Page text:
On March 29, Brazil’s government announced it would start using local currency and China’s yuan for financial transactions between the two nations.
While pragmatic on the surface, some say the move indicates China’s push to end the U.S. dollar’s dominance, particularly in the Americas.
The decision occurred in lockstep with Beijing’s increased demand for commodities from the South American nation. China’s corn and soybean requirements are driving Brazil to record export volumes in 2023.
It’s a combo effect that supply chain and financial insiders say could have serious economic consequences for the United States.
“Countries such as Brazil and China are keen to reduce their reliance on U.S. dollars for trade and, if this trend is sustained, it could lead to a depreciation in the value of the U.S. dollar as a result of lower demand for it,” analyst Alex King told The Epoch Times.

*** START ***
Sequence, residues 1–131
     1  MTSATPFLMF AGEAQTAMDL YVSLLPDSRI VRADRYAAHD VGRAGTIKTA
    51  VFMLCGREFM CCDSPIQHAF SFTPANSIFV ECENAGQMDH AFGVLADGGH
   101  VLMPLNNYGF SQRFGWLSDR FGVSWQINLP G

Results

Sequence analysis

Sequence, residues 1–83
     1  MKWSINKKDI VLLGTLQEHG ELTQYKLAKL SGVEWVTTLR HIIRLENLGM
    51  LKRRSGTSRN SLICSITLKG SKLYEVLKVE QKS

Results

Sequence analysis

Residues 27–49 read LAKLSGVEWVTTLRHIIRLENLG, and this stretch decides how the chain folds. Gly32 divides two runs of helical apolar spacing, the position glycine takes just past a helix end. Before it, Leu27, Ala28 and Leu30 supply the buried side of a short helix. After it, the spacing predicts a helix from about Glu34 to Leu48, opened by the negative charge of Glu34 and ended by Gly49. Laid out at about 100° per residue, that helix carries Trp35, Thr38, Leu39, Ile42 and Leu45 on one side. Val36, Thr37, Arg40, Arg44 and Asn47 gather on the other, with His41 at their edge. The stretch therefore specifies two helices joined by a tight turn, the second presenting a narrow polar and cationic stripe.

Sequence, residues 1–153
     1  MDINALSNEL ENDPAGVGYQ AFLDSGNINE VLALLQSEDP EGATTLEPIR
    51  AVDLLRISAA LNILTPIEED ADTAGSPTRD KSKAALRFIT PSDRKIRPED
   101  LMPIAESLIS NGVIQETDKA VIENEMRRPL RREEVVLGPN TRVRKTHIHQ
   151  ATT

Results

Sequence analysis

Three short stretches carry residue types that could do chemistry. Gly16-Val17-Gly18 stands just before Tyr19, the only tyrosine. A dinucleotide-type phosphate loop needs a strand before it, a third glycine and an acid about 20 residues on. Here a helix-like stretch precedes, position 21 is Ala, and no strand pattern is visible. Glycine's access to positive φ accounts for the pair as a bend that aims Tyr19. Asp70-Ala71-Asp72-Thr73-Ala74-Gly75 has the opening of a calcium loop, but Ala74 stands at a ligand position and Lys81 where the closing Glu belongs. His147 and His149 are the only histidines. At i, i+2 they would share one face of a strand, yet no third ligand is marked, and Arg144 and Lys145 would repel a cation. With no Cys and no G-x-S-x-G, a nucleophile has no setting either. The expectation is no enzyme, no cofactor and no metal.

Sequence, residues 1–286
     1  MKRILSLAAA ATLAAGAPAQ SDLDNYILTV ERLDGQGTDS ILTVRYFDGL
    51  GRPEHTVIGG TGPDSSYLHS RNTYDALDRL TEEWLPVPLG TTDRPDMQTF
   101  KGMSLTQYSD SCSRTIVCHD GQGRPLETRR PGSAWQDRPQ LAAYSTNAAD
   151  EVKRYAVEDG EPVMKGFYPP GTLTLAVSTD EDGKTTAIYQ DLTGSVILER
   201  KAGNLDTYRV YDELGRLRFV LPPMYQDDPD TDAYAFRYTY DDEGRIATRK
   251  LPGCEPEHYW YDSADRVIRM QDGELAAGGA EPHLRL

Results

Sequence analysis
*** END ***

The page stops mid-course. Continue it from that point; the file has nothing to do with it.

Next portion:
King is the founder of Generation Money and the former vice president of finance in trade and working capital at Barclays Bank. He says “de-dollarization” is a theme of increasing relevance globally.
Read more: China’s Brazil Deal Could Topple US Dollar in Region, Create Supply Chain Bottlenecks